5 Things We Loved about the Alaska Spey Clave

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Over 80 rods to demo at the 2017 Alaska Fly Fishing Fair and Spey Clave. Photo: Ben Rowell

We could go on and on about how knowing two-hand fly casting techniques helps the Susitna River drainage angler access more fishable water but let’s cut to the chase. Here are 5 things we loved about the Alaska Fly Fishing Fair and Spey Clave:

  1. The Rods, duh
    The industry reps made over 80 rods, matched with the perfect line, available for Clave goers to cast. For a guy who primarily fishes mid-level rods, it was a real treat to cast high end ($$$) and high performance sticks. Winston, Sage, G. Loomis – the were all fantastic. There were also plenty of mid-level rods lined and ready to fire from these same companies, along with Redington and Echo.
  2. The SWAG
    Anglers stopping by the Simms tent walked away with a free hat, stickers, posters, and a chance to win a pair of Simms waders. Technically not SWAG (Stuff We All Get) but one lucky angler left the Clave with a free 2-hour casting lesson with certified casting instructor and R. L. Winston Pro Staff member Mark Huber.
  3. The Presentations
    Top casters and instructors from Alaska and the PNW put on a great show aimed at teaching newbies the art of two-hand casting. From first time presenter David Lisi (Copper Landing Fishing Guide, LLC) to the “God Father of Spey” in Alaska George Cook (Sage, Rio, Redington), the presentations were professional and simplified the somewhat complex language and techniques that come along with two-hand casting. There was also a single-hand casting demo from Jolynne Howard (Alaska Fly Fishers) for those looking to get into the sport or needing a refresher.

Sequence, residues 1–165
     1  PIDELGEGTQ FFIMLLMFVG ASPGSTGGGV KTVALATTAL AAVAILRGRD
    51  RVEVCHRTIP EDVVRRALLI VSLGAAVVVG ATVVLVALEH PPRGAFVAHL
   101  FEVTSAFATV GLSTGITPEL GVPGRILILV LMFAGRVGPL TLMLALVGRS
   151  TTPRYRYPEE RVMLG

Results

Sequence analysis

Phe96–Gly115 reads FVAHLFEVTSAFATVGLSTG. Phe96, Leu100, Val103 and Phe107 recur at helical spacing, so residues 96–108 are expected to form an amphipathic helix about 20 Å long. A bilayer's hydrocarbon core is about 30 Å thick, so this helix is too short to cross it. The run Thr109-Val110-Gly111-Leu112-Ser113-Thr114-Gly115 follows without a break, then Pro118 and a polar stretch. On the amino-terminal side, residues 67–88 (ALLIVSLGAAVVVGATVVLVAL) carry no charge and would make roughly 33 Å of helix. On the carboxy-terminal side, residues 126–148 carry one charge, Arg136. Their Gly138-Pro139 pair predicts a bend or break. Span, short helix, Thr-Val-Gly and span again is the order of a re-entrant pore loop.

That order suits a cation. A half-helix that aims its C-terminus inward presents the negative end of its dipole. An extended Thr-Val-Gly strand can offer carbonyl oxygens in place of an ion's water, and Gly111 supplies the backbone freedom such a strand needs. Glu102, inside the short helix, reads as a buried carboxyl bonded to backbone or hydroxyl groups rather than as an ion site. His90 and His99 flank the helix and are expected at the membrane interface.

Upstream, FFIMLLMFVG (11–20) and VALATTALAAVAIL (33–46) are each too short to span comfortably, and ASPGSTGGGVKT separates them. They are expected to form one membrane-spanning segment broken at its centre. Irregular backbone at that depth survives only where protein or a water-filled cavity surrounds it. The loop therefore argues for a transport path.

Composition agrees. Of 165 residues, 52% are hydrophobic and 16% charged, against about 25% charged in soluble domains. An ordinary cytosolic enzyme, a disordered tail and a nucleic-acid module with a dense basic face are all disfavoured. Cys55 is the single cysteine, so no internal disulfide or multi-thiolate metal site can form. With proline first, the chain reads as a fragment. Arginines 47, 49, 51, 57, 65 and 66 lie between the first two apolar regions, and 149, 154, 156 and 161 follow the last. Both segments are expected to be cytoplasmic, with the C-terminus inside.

4. The One-on-One Instruction
    Low water at the Russian River Ferry Crossing exposed a gravel bar several hundred yards long, creating plenty of space for casting long two-hand rods. Jake Zirkel (G. Loomis) and Lee Kuepper (Double Haul Fly Fishing, Loop Tackle) spent a good three hours moving up and down the gravel bar working one-on-one with anglers looking to improve their casting stroke or needing help getting a specific rod/line combo dialed in.
  5. The People
    The people are what makes this event what it is. The attendees were a fun bunch that were really into two-hand casting— asking questions and getting their hands on a lot of rods. The industry reps and casting pros, a few who traveled hundreds of miles, were professional, engaging, and approachable. Last but not least, the sponsors and volunteers that continue to make this event happen year after are a passionate group of anglers that don’t mind putting in the work to bring together fly anglers in celebration of the addiction that is Spey casting.

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